“Attacks on journalists and media have so far been limited to isolated cases but it is important to remain vigilant,” Reporters Without Borders said. “With the M23 opposition coalition continuing to call for protests, the period beginning now – the last week of the campaign, election day, and the announcement of results – will be delicate. We will not tolerate any obstruction of the media’s work or any act of violence against journalists. Respect for freedom of information and the safety of journalists will be one of the guarantees of the transparency of the electoral process.”

Media freedom but insidious pressure and mutual disenchantment

“Freedom is respected in Senegal, especially media freedom,” a Dakar-based diplomat told Reporters Without Borders. The character of the Senegalese media, their diversity, the freedom with which journalists criticize and express their views all bear this out. Ranked 75th out of 179 countries in the latest Reporters Without Borders press freedom index, Senegal is not a country where the media are unwelcome, where they constantly fear for their safety.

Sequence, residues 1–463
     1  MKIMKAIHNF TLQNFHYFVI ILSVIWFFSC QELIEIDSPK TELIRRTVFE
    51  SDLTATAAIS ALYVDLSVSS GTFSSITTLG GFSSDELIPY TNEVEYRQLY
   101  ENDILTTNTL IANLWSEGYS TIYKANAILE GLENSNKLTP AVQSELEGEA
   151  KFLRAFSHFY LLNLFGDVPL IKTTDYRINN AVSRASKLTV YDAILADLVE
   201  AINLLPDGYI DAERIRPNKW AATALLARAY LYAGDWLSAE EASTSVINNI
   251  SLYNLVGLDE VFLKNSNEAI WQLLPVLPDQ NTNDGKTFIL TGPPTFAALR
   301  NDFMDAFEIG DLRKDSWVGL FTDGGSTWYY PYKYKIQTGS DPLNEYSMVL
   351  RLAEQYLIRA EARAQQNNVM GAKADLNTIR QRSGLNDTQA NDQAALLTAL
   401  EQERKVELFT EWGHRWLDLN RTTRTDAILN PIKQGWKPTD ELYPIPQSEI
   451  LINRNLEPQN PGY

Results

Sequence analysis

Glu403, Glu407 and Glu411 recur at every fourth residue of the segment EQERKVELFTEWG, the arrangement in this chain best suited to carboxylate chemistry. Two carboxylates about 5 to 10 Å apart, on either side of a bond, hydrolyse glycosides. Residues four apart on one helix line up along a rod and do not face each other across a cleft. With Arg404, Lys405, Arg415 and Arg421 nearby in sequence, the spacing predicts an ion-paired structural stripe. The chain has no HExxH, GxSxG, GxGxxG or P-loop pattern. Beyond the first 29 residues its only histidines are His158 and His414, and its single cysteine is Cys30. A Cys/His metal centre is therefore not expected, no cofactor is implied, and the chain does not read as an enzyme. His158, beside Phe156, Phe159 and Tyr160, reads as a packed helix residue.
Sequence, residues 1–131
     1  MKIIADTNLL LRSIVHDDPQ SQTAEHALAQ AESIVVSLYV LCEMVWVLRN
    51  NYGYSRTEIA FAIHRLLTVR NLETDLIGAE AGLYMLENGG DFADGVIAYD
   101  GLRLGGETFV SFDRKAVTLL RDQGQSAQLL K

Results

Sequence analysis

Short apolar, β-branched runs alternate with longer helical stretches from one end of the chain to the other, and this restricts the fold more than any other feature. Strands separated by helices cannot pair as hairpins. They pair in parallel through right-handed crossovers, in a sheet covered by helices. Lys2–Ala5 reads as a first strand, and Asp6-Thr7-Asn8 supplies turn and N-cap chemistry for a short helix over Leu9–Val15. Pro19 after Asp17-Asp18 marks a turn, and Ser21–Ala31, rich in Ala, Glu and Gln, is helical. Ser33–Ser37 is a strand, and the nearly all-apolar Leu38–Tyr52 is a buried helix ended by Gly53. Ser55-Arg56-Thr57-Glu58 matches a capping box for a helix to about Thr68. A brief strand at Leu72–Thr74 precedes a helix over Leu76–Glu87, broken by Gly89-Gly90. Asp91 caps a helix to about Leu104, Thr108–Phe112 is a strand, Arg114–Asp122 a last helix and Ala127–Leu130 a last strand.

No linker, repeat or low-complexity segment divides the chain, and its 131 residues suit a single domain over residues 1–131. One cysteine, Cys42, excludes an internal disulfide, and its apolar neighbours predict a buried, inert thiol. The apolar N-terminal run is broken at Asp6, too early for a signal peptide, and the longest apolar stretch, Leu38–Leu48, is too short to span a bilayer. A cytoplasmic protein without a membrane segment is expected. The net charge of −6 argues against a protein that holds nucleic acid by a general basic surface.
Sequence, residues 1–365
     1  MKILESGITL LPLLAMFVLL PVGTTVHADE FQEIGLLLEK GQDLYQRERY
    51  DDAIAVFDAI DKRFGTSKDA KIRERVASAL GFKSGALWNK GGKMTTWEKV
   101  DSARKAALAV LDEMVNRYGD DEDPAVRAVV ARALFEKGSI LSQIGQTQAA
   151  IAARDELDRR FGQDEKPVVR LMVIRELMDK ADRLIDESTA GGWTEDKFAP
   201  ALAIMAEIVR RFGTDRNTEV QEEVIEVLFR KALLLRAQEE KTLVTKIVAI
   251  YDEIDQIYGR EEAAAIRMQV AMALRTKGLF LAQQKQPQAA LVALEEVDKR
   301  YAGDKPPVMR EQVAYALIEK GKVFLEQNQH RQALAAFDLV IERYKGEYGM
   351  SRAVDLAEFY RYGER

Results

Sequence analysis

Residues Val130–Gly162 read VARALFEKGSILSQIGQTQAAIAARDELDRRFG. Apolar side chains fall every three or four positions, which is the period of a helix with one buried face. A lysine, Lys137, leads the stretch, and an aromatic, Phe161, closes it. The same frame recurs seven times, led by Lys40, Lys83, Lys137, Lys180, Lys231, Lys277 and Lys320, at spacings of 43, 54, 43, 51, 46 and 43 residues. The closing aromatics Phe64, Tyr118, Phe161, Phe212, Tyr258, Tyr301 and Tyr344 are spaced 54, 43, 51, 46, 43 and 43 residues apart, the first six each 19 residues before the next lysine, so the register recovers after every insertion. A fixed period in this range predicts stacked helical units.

All this freedom of information exists despite a barely viable economic environment and a saturated media market. The 20 daily newspapers wage a front-page headline war to sell copies. Scandal sheets abound. After keeping their distance from President Abdoulaye Wade, the privately-owned media have become increasingly critical of him.

“It is only to be expected that we are hard on him, because the government has to defend his record,” a print media journalist told Reporters Without Borders. “When the government is going through a bad patch, the media say so and the president is irritated.”

Several journalists described insidious attempts to control the media by means of bribes, the withdrawal of advertising or the launch of pro-government media. One of the most outspoken critics is Alioune Tine, the president of the African Alliance for the Defence of Human Rights (Raddho) and the coordinator of the 23 June Movement (M23), a coalition of civil society organizations and opposition parties. “The desire to control the media is expressed through corruption and repression,” he said.